More than 60,000 patients visit the emergency department at University Health Network’s (UHN) Toronto Western Hospital annually. This does not include those who depend on the innovative programs and specialized health care services the hospital provides. To keep the hospital running seamlessly for the community that relies on it, having access to power at all times is crucial in the event of a power outage.
Toronto Western Hospital’s Critical Infrastructure Reliability project is responsible for keeping the hospital running and allowing patient care to continue. Tasked to improve the reliability of the emergency power system, PCL’s Special Projects team and expert trade partners came together to make vital upgrades to the mission-critical backup power equipment.
To update the emergency power system, the team needed to replace the existing generators with two new generators in sound-attenuating enclosures. These generators are supported by a 153-foot exhaust stack. This all needed to be installed within the footprint of the hospital’s central courtyard.
Coordinating the team installing these extremely large pieces of equipment was even more complicated due to the challenging soil conditions of the site. Experts in delivering compact projects under tight constraints, the Special Projects team needed to evaluate the options for how to improve the soil conditions and bring in the heavy installations without affecting the schedule or the budget.
“The geotechnical engineers report identified the existing soil as having low allowable ground bearing pressure,” explains Andrew Easton, PCL Toronto project manager. “With constructability in the winter and a tight schedule as the main two focuses for the team, paving the courtyard with an approach ramp made out of crane mats and steel road plates was the most effective strategy.”
PCL worked closely with the design team to review the imposed loads from the lift to the nearby hospital’s foundations. After careful review, six additional caissons were placed for the main crane outriggers. Temporary shoring was required in the power plant basement to facilitate this lift by allowing loads to transfer from the wall to the basement floor slab.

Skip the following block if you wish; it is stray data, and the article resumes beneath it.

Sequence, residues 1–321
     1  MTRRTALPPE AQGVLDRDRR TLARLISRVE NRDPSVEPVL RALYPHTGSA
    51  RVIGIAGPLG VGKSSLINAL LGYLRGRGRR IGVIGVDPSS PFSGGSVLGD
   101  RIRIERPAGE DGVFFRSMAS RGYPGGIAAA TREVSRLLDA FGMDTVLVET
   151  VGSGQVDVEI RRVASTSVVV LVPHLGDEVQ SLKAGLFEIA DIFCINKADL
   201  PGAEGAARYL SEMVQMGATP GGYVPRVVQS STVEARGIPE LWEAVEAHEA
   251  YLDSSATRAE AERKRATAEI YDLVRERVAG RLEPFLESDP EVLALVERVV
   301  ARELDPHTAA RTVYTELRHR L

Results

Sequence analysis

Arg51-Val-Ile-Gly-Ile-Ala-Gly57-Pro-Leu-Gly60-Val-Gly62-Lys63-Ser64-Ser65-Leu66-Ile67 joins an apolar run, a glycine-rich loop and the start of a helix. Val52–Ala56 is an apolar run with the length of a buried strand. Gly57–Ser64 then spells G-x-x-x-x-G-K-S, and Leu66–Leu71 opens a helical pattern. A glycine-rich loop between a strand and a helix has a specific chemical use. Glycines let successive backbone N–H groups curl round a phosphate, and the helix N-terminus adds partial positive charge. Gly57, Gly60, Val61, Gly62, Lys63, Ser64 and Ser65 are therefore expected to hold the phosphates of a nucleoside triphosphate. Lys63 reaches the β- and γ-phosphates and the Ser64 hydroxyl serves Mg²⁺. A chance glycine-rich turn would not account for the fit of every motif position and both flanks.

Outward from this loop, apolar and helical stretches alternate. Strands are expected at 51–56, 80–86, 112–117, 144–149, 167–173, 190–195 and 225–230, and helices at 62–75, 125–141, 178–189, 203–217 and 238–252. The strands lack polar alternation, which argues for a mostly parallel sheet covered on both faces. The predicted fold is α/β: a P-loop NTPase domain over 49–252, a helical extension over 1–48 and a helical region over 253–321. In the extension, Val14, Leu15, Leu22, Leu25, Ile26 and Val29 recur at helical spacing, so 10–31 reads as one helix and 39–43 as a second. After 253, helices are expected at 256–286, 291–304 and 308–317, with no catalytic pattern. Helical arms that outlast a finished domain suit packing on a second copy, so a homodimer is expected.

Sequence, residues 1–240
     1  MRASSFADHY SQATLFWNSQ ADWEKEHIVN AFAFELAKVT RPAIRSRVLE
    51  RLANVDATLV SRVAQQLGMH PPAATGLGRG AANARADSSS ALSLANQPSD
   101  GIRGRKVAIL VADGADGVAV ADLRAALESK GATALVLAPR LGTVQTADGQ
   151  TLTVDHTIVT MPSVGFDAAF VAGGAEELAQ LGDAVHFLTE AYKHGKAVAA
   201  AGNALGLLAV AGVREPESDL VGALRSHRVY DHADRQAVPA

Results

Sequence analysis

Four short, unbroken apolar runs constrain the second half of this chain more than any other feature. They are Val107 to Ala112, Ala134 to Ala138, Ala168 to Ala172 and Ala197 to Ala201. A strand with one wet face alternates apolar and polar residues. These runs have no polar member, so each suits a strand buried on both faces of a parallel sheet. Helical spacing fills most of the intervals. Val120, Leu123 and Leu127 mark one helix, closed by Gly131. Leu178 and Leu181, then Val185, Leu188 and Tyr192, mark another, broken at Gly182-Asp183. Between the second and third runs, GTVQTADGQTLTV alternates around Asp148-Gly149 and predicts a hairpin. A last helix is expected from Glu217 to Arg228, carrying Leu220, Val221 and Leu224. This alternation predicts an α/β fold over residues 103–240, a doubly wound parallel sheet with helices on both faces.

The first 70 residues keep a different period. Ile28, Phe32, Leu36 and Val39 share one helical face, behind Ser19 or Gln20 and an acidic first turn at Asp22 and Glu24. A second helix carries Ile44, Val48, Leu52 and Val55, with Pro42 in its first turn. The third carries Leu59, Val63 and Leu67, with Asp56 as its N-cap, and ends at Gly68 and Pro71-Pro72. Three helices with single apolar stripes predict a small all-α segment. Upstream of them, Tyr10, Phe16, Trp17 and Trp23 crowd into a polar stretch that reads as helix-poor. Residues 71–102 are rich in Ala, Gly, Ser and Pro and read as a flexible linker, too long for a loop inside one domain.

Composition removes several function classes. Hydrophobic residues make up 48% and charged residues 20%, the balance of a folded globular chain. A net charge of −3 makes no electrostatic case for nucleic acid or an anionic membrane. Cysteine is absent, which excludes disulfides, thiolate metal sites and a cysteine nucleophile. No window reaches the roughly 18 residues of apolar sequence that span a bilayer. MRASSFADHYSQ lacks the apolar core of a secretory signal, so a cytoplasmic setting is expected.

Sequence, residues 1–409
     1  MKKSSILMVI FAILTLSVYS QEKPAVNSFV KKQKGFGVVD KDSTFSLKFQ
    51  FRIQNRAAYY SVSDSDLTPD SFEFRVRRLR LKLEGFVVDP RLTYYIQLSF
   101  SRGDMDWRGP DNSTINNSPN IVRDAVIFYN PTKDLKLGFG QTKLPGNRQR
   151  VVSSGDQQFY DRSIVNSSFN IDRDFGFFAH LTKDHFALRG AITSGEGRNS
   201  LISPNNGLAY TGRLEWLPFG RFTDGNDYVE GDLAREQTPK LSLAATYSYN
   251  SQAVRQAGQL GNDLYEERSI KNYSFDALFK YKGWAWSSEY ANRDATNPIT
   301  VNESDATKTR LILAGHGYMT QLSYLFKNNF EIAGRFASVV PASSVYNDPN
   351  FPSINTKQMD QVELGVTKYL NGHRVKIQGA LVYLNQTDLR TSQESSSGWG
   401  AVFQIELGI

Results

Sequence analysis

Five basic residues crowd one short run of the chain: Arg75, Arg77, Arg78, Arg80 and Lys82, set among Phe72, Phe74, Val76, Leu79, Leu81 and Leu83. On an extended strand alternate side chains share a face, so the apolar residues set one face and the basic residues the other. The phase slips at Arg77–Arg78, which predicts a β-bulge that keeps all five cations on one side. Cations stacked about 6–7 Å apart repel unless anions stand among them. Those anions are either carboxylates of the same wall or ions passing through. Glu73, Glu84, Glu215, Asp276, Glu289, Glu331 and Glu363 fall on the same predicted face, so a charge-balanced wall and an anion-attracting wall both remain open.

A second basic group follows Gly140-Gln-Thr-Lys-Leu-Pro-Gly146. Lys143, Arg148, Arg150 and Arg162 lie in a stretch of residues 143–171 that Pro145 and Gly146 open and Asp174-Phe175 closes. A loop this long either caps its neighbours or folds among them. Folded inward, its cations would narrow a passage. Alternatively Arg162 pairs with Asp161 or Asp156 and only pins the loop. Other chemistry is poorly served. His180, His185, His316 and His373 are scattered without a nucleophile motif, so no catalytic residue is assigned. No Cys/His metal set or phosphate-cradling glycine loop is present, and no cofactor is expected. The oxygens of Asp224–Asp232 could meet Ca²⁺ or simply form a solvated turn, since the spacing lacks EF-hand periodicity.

After assessing the feasibility of the plan, PCL worked with the lift engineer to detail the formal crane mat layout to provide the most constructable, time- and cost-efficient method. Figuring out the correct location for the caisson placement and the crane’s outrigger was key to executing the lift.
With the site prepped, the final piece of the puzzle was transporting the single-piece stainless steel, 112,000-pound tri-stack and generators to their final destination. The challenge was figuring out how to move a 153-foot stack from the east end of the city through the busy streets of downtown Toronto during the day.
“Moving the stack during peak operational hours was not an option, as it would be a disruption for the hospital and the community,” Easton says. “We worked with our trade partners, Ellesmere Fabricators Limited and Anderson Haulage, to have the stack moved early in the morning.”
With the stack assembled to become a part of the truck and a team of vehicle escorts to ensure a quick and safe transportation, the departure began at 3 a.m. PCL intricately mapped out the positions of the cranes to create a clear path of travel when the stack arrived on site. With the stack equal to the length of the entire construction site from corner to corner, the team needed to back the stack into the position which would allow for the tandem crane lift to be completed safely. Slowly, the stack was lifted right from the truck and placed in its final destination by 11 a.m.
“Right before the lift, we performed a final review of the plan with the field team to ensure a safe execution,” explains Andre Bourbonnais, PCL Toronto superintendent. “A project like this requires a tremendous amount of teamwork, collaboration and dedication from our client, consultant and trade partners.”
Following the installation of the stack, the two generators were successfully brought into place. Prioritizing the surrounding community, the state-of-the-art generators produce minimal noise and are enclosed within an acoustic cabinet as an additional sound barrier.
“Complex projects are where we thrive,” says Mark Henderson, PCL Toronto construction manager. “We took a design, developed it substantially to fit the client’s vision and budget and executed it according to plan.”
Recognized for its complexity and innovation, the UHN Critical Infrastructure Reliability project gained national accolades from the Canadian Institute of Steel Construction. On November 10, 2022, the project team, including H.H. Angus & Associates Ltd., Milman & Associates Ltd., First Capital, Ellesmere Fabricators Ltd and PCL, were awarded a CISC Award for Excellence among distinguished members of the Canadian steel industry.
“I am extremely proud of this team for finding an award-winning solution for our client that would enable us to complete the critical lift and overall project safely and efficiently,” Easton says. “The project will have a long-lasting, positive impact on not only the hospital but the surrounding community.”